Flood Forecasting & Warning

Flooded Stream

Creeks & Streams

Water Conditions: Normal

There are currently no Water Conditions Statements issued by the Ganaraska Region Conservation Authority (GRCA).

Lake Ontario Shoreline

Water Conditions: Normal

There are currently no Water Conditions Statements issued by the Ganaraska Region Conservation Authority (GRCA).

King Street flooding, Cobourg, across from Brookside, facing south

Reducing Risks

The GRCA maintains a flood forecasting and warning system to reduce the risk to life and damage to property by providing local agencies and the public with advanced notice, information and advice so they can respond to potential flooding and flood emergencies.

A flood is defined as a situation where water levels in a watercourse exceed the channel banks. Flooding in Ontario is a fairly common occurrence. The greatest flood in recent memory hit the Port Hope area in March of 1980 when the Ganaraska River flowed over its banks as a result of heavy rainfall on a dense snow pack.

Rain on snow is not the only type of event that can cause flooding. Hurricanes moving north from the tropics can carry heavy rainfall into Ontario commonly resulting in flooding, particularly in larger watersheds. High local rainfall associated with severe thunderstorms can cause flooding usually associated with smaller watersheds.

Winter ice jams associated with spring break up have also resulted in severe flooding situations. High lake levels and/or storm surges on Lake Ontario can also result in flooding along the lakeshore.

Flood Forecasting

The Ganaraska Region Conservation Authority (GRCA) operates its daily planning cycle to monitor, on an ongoing basis, weather forecasts, radar and watershed conditions at locations across the watershed.

Water level and related information is remotely collected through an extensive network of stream gauges, precipitation gauges, snow course sites and staff gauges (monitoring network). Our extensive knowledge and historic data on the watershed's responses to extreme weather and conditions in our watersheds is used to develop a flood forecast.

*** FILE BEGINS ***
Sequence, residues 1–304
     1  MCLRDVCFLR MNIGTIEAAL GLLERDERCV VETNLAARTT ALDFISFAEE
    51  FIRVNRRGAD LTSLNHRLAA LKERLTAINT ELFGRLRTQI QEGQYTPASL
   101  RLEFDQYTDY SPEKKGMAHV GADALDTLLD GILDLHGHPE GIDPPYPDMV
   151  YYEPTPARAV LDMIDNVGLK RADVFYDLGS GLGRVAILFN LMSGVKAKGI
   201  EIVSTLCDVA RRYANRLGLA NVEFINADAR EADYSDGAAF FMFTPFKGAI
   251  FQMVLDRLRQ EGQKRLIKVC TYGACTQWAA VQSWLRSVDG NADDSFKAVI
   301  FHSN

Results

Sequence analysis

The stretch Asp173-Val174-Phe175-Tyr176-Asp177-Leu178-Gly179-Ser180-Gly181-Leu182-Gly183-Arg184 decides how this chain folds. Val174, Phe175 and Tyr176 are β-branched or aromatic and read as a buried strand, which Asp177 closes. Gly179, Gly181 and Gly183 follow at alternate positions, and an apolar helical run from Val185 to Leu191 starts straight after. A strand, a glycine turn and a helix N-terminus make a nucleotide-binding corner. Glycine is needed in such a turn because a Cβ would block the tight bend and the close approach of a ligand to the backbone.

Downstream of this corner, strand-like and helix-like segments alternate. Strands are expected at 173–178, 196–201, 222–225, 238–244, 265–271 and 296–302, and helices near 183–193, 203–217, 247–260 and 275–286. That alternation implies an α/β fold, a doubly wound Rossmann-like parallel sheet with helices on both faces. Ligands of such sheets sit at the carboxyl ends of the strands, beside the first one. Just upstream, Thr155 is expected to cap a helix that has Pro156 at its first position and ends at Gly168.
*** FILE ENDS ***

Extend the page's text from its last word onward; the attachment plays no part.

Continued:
When conditions warrant, GRCA will communicate with local agencies (municipalities, emergency services, local media, school boards and government agencies) issuing flood messages following a standard format used by all Conservation Authorities.

During spring snowmelt or severe storms, the Conservation Authority estimates the severity, location, and timing of possible flooding, and provides these forecasts to local agencies using one of the following message formats:

Flood Status Graphics & Descriptions

Flood Event

Defined as a sudden increase in watercourse levels resulting from the occurrence of precipitation, snowmelt, or a combination of the two.

The severity of flood events can range from minor increases in creek levels (resulting in hazardous creek conditions) to extreme flood conditions (posing a risk to life and property). These various types of events, and the corresponding flood response activities, are described in the GRCA’s Flood Contingency Plan.